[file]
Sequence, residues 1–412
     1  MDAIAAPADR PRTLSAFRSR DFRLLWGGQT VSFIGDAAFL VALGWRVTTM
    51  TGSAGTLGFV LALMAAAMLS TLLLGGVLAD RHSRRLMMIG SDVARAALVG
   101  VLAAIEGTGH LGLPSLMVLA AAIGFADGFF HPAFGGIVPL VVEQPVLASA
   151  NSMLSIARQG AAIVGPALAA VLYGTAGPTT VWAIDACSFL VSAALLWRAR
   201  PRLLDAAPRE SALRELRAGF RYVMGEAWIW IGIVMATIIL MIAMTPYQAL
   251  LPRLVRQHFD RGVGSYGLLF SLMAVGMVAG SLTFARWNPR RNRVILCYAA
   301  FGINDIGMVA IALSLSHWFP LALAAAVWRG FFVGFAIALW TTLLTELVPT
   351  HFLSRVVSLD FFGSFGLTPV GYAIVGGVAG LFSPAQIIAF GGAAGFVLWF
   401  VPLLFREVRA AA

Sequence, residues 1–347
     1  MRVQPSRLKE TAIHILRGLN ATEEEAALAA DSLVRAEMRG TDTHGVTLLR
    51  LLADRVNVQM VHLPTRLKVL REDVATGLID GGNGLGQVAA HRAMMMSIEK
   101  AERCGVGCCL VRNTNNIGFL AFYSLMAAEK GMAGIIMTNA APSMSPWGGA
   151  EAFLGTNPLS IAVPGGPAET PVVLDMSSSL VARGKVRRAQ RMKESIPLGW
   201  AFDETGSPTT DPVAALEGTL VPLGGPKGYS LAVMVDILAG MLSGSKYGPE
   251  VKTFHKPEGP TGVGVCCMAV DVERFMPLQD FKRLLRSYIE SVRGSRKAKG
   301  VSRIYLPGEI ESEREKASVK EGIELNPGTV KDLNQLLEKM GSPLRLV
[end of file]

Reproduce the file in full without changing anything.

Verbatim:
Sequence, residues 1–412
     1  MDAIAAPADR PRTLSAFRSR DFRLLWGGQT VSFIGDAAFL VALGWRVTTM
    51  TGSAGTLGFV LALMAAAMLS TLLLGGVLAD RHSRRLMMIG SDVARAALVG
   101  VLAAIEGTGH LGLPSLMVLA AAIGFADGFF HPAFGGIVPL VVEQPVLASA
   151  NSMLSIARQG AAIVGPALAA VLYGTAGPTT VWAIDACSFL VSAALLWRAR
   201  PRLLDAAPRE SALRELRAGF RYVMGEAWIW IGIVMATIIL MIAMTPYQAL
   251  LPRLVRQHFD RGVGSYGLLF SLMAVGMVAG SLTFARWNPR RNRVILCYAA
   301  FGINDIGMVA IALSLSHWFP LALAAAVWRG FFVGFAIALW TTLLTELVPT
   351  HFLSRVVSLD FFGSFGLTPV GYAIVGGVAG LFSPAQIIAF GGAAGFVLWF
   401  VPLLFREVRA AA

Sequence, residues 1–347
     1  MRVQPSRLKE TAIHILRGLN ATEEEAALAA DSLVRAEMRG TDTHGVTLLR
    51  LLADRVNVQM VHLPTRLKVL REDVATGLID GGNGLGQVAA HRAMMMSIEK
   101  AERCGVGCCL VRNTNNIGFL AFYSLMAAEK GMAGIIMTNA APSMSPWGGA
   151  EAFLGTNPLS IAVPGGPAET PVVLDMSSSL VARGKVRRAQ RMKESIPLGW
   201  AFDETGSPTT DPVAALEGTL VPLGGPKGYS LAVMVDILAG MLSGSKYGPE
   251  VKTFHKPEGP TGVGVCCMAV DVERFMPLQD FKRLLRSYIE SVRGSRKAKG
   301  VSRIYLPGEI ESEREKASVK EGIELNPGTV KDLNQLLEKM GSPLRLV